22. Camden Market – is one
the most popular London markets. Bustling at the weekend with tourists
and locals. You will find funky clothes, music, great food, bars, pubs
and restaurants. A great atmosphere, right on the canal. It’s a little
quieter during the week as there’s no big market but plenty of shops to
23. Portobello Market – the famous market is full of
vintage clothes and antiques. If you are looking for something a little
unique then take a trip, you won’t be disappointed.
House, Hampstead Heath – The heath spans across North London and is the
perfect place to stretch your legs, have a picnic or visit the historic
Kenwood House. There are also natural pools where many of the locals
swim. A word of advice – take a map as you can spend hours wondering
around if you get lost. It’s big and beautiful.
25. Carl Marx and
Highgate Woods – About a 20 minute walk from Hampstead Heath is Highgate
Village. Here you will find the famous Highgate cemetery, the final
resting place of Carl Marx just one of the many famous people buried
here. Highgate itself is a quaint Victorian village with some good pubs
and restaurants (The Flask is very old and particularly good).
Brick Lane – Once home to the Jewish community it is now housed with
Indian restaurants. Actually, most of the curry houses are run by the
Bangladeshi community who make up the majority of the local community.
The Museum of Childhood (Bethnal Green) – something for the children.
Artefacts, costumes, arts and activities, treasure hunts and more. Check
out the exhibitions. Children and Adults will love this family day out.
The Royal London Hospital – (Whitechapel) has a museum open to the
public. It was here that Joseph Merrick (The Elephant Man) spent his
last few years. Displays include those of Joseph Merrick, Edith Cavell
and original material on Jack the Ripper who committed his crimes around
29. Walks around London – one of the best ways to see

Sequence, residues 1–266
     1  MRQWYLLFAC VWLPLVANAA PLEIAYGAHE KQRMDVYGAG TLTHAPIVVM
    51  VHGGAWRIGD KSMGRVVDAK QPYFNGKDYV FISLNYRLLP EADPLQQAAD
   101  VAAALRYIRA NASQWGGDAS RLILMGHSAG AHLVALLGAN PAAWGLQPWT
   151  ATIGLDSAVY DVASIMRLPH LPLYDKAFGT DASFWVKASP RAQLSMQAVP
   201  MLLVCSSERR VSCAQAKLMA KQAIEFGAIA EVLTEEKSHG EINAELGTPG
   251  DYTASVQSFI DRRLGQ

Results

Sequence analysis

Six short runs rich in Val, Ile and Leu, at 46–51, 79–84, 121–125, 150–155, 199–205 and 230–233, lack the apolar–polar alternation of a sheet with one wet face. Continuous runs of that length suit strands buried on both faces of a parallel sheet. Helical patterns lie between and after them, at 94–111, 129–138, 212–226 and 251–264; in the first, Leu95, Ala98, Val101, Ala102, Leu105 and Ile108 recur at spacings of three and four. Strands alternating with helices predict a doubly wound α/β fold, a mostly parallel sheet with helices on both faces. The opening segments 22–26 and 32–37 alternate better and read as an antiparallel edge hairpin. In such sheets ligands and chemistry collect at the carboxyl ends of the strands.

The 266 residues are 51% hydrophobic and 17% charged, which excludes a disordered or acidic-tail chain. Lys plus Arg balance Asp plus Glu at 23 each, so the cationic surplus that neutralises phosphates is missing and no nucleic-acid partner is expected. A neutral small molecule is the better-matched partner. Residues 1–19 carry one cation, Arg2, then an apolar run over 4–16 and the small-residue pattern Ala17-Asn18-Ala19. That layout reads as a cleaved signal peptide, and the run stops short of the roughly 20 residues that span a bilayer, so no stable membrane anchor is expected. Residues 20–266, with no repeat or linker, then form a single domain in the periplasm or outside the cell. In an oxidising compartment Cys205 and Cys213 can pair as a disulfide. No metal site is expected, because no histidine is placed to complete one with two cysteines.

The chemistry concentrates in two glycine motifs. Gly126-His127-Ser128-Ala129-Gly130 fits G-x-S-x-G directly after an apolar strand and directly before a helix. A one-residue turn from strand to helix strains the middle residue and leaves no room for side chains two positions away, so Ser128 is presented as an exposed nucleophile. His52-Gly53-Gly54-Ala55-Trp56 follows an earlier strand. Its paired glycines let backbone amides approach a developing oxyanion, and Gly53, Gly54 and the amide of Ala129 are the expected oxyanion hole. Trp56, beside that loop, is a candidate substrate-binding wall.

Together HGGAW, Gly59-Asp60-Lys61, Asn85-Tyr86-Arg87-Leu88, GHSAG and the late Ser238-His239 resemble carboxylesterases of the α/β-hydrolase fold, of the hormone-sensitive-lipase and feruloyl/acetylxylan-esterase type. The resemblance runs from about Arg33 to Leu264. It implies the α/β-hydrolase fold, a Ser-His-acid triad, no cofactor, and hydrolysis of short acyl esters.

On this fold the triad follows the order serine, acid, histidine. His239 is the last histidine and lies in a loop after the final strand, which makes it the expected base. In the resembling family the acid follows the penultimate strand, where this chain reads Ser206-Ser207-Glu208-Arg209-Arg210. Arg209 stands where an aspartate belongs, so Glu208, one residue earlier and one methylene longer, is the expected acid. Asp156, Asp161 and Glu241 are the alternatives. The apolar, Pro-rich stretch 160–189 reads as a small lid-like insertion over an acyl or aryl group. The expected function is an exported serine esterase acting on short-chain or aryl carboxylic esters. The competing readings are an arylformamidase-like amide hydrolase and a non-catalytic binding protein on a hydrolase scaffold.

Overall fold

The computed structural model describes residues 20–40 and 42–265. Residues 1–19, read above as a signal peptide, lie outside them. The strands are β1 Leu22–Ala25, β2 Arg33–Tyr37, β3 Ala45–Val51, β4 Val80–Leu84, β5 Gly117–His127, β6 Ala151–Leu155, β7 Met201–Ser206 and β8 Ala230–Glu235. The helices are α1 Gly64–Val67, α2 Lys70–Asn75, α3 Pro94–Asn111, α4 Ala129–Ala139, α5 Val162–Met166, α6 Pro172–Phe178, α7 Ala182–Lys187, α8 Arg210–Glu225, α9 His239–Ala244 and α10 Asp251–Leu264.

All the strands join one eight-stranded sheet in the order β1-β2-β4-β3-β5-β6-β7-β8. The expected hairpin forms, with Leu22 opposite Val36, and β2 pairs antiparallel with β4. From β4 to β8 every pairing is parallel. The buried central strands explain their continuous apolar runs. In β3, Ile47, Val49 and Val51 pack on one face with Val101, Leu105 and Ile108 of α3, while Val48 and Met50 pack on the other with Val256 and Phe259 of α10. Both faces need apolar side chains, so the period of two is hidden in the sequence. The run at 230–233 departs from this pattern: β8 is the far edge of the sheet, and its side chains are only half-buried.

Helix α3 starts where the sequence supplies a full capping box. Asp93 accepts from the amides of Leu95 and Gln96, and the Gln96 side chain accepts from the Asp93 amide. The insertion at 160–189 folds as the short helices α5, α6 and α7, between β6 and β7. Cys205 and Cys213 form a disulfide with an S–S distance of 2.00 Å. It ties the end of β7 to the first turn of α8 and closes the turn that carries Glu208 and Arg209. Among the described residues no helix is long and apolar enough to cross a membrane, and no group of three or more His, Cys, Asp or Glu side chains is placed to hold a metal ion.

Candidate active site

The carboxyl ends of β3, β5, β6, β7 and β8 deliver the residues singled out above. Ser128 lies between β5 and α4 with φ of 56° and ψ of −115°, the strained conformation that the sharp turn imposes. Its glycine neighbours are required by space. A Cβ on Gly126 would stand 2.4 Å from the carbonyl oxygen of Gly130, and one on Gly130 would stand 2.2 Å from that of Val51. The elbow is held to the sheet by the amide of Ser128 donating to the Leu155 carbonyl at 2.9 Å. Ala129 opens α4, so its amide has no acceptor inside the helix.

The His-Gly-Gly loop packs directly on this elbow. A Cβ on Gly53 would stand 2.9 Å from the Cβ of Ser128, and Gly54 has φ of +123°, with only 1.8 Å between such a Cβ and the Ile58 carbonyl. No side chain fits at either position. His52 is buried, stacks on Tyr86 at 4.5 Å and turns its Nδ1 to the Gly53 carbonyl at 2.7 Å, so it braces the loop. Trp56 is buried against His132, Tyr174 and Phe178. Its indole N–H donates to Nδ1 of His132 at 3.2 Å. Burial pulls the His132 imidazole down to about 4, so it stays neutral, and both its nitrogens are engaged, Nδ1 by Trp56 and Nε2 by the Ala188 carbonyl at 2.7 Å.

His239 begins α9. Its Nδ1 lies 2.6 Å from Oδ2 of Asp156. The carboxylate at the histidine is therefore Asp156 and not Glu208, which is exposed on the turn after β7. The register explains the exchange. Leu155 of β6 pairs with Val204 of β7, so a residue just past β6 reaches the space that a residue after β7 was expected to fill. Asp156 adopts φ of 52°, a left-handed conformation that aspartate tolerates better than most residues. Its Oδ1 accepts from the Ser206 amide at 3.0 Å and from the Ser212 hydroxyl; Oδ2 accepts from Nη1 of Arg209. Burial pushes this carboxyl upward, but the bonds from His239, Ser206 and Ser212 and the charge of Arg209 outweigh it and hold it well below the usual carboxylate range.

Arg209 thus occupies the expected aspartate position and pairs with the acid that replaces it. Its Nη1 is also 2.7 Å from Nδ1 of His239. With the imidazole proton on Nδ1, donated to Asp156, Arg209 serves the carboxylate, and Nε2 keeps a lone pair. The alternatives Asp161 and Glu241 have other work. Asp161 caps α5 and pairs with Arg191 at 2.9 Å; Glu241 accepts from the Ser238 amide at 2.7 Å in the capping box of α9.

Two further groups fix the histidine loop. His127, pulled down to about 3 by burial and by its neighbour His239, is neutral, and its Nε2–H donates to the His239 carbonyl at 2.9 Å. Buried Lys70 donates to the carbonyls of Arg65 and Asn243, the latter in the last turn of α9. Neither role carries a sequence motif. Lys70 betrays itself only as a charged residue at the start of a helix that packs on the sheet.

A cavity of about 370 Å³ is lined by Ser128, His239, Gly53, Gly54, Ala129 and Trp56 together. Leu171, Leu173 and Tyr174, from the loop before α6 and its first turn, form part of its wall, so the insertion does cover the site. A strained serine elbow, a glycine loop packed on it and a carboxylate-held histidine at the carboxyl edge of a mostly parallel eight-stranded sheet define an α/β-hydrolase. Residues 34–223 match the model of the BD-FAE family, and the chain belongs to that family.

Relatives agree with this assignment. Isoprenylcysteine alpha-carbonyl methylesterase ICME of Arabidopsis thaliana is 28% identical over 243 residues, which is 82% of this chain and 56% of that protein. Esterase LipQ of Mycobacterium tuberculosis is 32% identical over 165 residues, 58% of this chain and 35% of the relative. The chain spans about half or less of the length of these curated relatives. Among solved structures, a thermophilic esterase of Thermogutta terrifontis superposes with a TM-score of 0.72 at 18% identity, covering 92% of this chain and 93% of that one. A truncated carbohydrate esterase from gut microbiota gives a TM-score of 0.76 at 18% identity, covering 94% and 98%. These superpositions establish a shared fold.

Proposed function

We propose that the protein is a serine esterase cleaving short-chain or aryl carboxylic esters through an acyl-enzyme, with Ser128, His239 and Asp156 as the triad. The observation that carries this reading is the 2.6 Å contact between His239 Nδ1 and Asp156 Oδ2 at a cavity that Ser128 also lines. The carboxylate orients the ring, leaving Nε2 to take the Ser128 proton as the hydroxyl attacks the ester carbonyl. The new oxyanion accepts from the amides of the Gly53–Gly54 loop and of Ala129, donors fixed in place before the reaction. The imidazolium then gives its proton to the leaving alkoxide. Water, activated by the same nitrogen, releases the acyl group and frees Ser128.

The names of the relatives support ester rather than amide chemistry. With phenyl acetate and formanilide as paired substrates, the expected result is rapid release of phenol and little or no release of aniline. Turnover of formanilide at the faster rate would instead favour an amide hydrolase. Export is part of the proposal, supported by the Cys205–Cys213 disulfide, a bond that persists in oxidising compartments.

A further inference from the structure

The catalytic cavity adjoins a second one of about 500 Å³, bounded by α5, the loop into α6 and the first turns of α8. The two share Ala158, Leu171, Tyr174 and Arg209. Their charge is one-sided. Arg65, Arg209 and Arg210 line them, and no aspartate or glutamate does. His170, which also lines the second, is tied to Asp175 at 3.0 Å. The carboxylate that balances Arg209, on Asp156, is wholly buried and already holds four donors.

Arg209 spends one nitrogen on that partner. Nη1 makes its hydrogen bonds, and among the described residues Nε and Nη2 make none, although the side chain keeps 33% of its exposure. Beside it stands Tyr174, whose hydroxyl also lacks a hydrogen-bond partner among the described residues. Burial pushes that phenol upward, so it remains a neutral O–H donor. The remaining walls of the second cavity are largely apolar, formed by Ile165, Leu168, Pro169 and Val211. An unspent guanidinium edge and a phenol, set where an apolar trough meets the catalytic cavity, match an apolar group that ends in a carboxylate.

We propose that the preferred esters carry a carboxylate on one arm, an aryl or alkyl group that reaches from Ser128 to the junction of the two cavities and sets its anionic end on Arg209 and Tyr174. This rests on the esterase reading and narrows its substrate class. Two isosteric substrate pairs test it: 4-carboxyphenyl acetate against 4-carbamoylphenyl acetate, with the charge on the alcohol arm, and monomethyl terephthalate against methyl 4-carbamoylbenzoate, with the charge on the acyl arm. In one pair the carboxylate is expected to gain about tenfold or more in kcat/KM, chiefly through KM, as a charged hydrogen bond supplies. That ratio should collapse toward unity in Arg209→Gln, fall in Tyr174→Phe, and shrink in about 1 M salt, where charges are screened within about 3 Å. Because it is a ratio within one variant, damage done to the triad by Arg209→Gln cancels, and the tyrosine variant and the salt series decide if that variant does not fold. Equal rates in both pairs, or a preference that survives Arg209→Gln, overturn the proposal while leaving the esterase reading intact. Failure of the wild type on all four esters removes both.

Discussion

London is on foot. There’s the ‘Charles Dickens’ walk, Haunted Holborn,
Money trail through the city’s square mile and much more.
Borough Market – Opposite London Bridge Tube Station. This is one of
London’s biggest wholesale food markets. Delicious game and fish
supplies as well as Artisan Bakers, Specialist Beers stalls and fresh
fruit and vegetables. Open on Friday and Saturday. There is a pub just
along the road called ‘The George’ one of the oldest pubs in London –
worth a visit.
31. Colombia Road Market – in the East End. If you
like flowers then this is the market to visit (Sunday’s only and it
usually closes around 3pm). Close by is the famous Spitalfields market.
32. Shoreditch – Trendy Shoreditch with its warehouse conversions, art galleries and very cool bars is also worth a visit.
Soho – once home to the ‘ladies of the night’ it now a bustling cafe
community. A popular place to drop into for a drink or bite to eat
before you visit theatre land.
34. Covent Garden – one of London’s
most popular tourist spots. Street theatre acts, arts and crafts as
well as a huge choice of cafe’s bars and restaurants.
Street – home to all the big stores including the famous department
store Selfridges. From Oxford Street you can easily access most central
locations on foot.
36. The Globe Theatre – is associated with
William Shakespeare. Originally built in 1599, later destroyed by fire
1613. The theatre that stands here now is approximately 750 feet from